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Adult chinch bugs are black with white wings folded over their backs and measure about 4mm long. Newly hatched chinch bugs or 'nymphs' are yellow upon hatching but soon turn red, with a light coloured band across their abdomens. With each molt, nymphs more closely resemble the adults.
Chinch bugs live in the thatch layer of a lawn where they feed on the grass by piercing the plant with their mouth and sucking the plant juices. When the chinch bugs feed, they release enzymes that facilitate easy feeding. The enzymes continue damaging the plant after feeding, and cause the grass to turn brown and potentially die.
Chinch bugs are generally found in hot sunny areas of a lawn. They tend to aggregate, which initially results in localized dead patches. These dead areas are brown, irregular sunken patches, which can coalesce into larger dead areas. Damage generally becomes evident in July and August when temperatures get hot and drought conditions become more prevalent.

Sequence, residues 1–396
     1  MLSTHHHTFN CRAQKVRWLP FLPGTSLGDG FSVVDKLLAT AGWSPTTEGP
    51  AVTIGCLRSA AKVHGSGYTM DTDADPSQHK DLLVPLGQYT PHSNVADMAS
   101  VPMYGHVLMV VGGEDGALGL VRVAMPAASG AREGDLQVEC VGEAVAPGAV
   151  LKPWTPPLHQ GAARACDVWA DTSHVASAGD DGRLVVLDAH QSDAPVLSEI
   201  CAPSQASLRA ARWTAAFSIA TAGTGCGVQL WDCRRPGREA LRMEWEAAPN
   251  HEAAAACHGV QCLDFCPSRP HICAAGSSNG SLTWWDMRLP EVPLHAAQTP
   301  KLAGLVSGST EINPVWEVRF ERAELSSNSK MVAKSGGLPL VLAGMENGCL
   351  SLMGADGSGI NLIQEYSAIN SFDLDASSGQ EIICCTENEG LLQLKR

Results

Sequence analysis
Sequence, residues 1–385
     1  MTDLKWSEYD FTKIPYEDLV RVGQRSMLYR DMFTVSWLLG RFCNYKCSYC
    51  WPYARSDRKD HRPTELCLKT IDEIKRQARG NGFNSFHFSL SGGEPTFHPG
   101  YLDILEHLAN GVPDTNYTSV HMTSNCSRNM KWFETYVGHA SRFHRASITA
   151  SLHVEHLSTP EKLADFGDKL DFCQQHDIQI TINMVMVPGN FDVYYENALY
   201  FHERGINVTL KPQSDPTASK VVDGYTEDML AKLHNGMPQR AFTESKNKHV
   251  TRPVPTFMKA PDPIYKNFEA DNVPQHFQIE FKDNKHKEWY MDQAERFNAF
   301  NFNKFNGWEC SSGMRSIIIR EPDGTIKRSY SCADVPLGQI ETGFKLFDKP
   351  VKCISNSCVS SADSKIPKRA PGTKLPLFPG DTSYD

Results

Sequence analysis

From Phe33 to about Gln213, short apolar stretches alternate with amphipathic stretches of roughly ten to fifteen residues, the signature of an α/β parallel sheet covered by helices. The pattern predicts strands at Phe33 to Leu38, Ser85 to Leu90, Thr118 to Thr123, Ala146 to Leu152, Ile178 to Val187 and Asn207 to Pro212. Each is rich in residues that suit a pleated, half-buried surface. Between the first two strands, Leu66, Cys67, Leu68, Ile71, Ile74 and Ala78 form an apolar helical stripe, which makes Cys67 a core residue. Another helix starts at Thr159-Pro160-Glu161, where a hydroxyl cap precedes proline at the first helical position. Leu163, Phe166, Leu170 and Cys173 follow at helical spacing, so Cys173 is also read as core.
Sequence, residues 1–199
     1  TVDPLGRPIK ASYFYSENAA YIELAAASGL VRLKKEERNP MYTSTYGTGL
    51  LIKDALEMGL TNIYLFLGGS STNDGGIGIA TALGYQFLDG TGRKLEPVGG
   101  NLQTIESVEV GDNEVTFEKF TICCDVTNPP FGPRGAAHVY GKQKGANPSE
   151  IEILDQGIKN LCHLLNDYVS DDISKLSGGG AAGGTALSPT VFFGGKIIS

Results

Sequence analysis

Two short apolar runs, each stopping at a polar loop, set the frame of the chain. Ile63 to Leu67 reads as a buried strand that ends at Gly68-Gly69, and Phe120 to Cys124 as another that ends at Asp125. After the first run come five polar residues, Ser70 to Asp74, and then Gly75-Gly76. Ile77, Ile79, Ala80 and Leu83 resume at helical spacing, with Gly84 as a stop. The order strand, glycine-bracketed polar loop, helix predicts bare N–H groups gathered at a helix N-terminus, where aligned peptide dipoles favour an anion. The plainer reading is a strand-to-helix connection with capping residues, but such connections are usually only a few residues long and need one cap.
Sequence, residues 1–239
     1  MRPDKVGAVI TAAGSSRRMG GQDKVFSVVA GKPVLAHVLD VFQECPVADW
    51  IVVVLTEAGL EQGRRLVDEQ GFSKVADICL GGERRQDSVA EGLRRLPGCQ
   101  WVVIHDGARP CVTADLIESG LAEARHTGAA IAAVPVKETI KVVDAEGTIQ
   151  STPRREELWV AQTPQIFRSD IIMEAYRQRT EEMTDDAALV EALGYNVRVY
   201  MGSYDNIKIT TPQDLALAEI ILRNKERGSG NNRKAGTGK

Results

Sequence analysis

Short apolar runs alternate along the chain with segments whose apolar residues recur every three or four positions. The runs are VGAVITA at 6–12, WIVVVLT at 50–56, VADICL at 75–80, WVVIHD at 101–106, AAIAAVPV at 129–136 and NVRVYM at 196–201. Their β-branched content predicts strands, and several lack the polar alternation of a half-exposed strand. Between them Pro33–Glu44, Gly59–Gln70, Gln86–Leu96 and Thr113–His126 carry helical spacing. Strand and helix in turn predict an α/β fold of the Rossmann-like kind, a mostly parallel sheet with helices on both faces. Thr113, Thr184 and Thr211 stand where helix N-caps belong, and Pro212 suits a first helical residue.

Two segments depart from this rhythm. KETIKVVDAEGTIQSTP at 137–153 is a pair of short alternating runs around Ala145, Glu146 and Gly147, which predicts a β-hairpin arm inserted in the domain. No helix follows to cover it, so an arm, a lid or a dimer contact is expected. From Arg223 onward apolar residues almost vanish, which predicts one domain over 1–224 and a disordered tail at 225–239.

Heavy infestations can be identified by simply parting the thatch and looking for the chinch bugs. Light infestation can be discovered by cutting the bottom from a large tin can and pushing the can into the lawn and filling it with soapy water. Any chinch bugs present will float to the surface.
The adult chinch bug spends the Winter congregated under trees and shrubs, as well as on the edges of lawns, under hedges and in flower beds. As the temperatures become warmer in Spring, the adults move into the lawn and begin depositing eggs. As many as 20 eggs per female may be laid during May and June. The eggs take about 20-30 days to hatch at temperatures below 21°C but can hatch in as little as a week when above 26°C.
The nymphs grow slowly at the beginning of the season because of cool temperatures but speed their development by July. Damage may be visible from late June through August. When cool temperatures arrive, the mature chinch bugs seek out protected areas to spend the Winter.Talk to your local Nutri-Lawn about assessing a potential chinch bug problem in your lawn.